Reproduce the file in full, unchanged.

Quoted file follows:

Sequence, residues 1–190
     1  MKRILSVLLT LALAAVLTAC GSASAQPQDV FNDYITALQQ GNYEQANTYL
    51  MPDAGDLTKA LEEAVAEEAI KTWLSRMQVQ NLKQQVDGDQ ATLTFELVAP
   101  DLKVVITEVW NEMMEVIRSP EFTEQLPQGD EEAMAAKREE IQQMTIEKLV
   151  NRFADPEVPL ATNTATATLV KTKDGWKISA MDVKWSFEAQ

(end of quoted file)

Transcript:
Sequence, residues 1–190
     1  MKRILSVLLT LALAAVLTAC GSASAQPQDV FNDYITALQQ GNYEQANTYL
    51  MPDAGDLTKA LEEAVAEEAI KTWLSRMQVQ NLKQQVDGDQ ATLTFELVAP
   101  DLKVVITEVW NEMMEVIRSP EFTEQLPQGD EEAMAAKREE IQQMTIEKLV
   151  NRFADPEVPL ATNTATATLV KTKDGWKISA MDVKWSFEAQ